But in the middle of this constant chatter, there is a deeper, quieter, more reliable resource. Somewhere to turn to, for solace and relief. It’s always there. Always available. Being attuned to Reiki has brought me back into its embrace, after too long away. The joys of being alone. Although linked to the quality of stillness, another Reiki-related resource that I have written about here , it can also be tapped into when on the move. Alone in a crowd. When walking or running… Even when doing the washing up! Solitude is a pleasingly transportable and eminently meditative feast. It’s all about tuning in to the “still, small voice inside.”


Extroverts and Introverts

There are some people who replenish themselves through the company of others. They are the true extroverts, like my lively, gregarious mother, who would have found it a torture to be alone with her own restless spirit. Then there are those who are quite deeply introverted, and who would always choose their own company over that of others. My late husband was pointed that way:  steady, silent and serene, in another life he would have been a hermit or contemplative.

I am somewhere between these two extremes. An “extroverted introvert”, as my brother once pronounced, when subjecting me to some cod psychological profiling for his ‘A’ level studies. And he was right. People do matter to me, very much indeed. They comfort, challenge and delight me, every day of my life. But when my tank of energy is empty – or when the phenomenal noise and speed of the modern world  overwhelms me – it is solitude that fills my cup, and settles my frayed and fractured nerves.

Reiki: being alone together

One of the things I have come to love about receiving and practising Reiki, is the sense of quiet and inner listening that it brings with it. Something about the silence that descends, when Reiki hands are placed on the body during a treatment, is particularly special. Someone is there with you – tuning into the deeper rhythms of your physical and mental self – and yet, there is no sense of intrusion. Few words, if any, are exchanged. You are alone: able to travel inwards, for refreshment, even some kind of healing; yet with the hands of another held upon you, keeping you steady and safe.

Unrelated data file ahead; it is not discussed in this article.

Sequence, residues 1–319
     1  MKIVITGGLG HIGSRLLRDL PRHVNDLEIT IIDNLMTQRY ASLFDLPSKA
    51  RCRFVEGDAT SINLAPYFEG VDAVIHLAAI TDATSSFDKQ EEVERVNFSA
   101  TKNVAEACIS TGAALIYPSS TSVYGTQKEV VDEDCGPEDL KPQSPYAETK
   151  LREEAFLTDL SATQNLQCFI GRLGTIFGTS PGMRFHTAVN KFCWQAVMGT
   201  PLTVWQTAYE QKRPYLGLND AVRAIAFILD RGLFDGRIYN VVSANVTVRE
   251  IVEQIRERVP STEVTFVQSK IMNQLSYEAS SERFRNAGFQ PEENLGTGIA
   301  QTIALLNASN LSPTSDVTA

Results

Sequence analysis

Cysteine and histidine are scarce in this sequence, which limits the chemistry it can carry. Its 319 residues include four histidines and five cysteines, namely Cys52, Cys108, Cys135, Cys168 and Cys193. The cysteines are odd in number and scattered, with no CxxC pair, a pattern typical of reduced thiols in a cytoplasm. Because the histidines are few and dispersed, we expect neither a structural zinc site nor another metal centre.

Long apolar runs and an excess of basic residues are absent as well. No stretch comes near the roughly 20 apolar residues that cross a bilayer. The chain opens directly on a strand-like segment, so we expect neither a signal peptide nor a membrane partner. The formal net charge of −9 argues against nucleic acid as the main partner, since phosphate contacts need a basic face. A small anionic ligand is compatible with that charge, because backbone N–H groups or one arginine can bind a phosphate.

Challenges and rewards of solitude

Solitude, as singer-songwriter Suzanne Vega suggests in her 1980s classic, ‘Solitude Standing’, quoted above, can be provocative. It brings you face to face with yourself – no escape, through mindless chatter, or another empty scroll down your Facebook timeline. Solitude, as Vega sings, is a “flower with a flame”. It’s beautiful – but it can burn, too.

Too much solitude can turn into loneliness and isolation, and the illumination of a mind turned in on itself can become a trap. As with all things, a balance needs to be struck. The golden mean – a middle way. Enough company. Enough time alone. Switching off the smart phone one day a week, is not such a bad idea (although surprisingly difficult to do!) And seeking out quiet practices like T’ai Chi and Reiki, which bring you into closer contact with your inner – soulful – self,  can bring more balance and flow into your busy life. Sweet harmony. How do you find yours?

If you want to give Reiki a try, take a look at my Reiki in Leeds page, for more details.

And there is plenty of T’ai Chi coming up at Leeds Buddhist Centre. Details on my Classes with Barney page.

Suzanne Vega’s ‘Solitude Standing’ album was released in 1987.

Walking on Air

“I have spread my dreams under your feet:

Tread softly because you tread on my dreams.”

The Cloths of Heaven/W.B.Yeats

WHY DO so many of us dislike our feet?  When people come for a treatment, here at Reiki in Leeds, they are often bashful about having their feet touched, or even looked at. “Oh, I hate my feet”, said one woman, who had the daintiest, most well-groomed pair imaginable. Her feet were bare and she shrank from my touch. But not for long. Soon she settled into the feeling, and I could almost feel her feet giving a sigh of relief: at last, someone is paying me attention! This is a reticence I have never understood. Since training as a contemporary dancer, over thirty years ago, I have learned to respect and honour my feet. They are the body’s great asset: holding us up, taking us forward, one step at a time. It is time to consider feet quite differently – to kick off the too-tight shoes and walk on the grass, barefoot, whenever it is warm enough to dare. Otherwise, let them breathe indoors, from big toe to little pinky, spreading and widening the sole, feeling the support of the ground beneath you. The foot has wisdom in it, and it does us good to listen.

Treading softly in the forest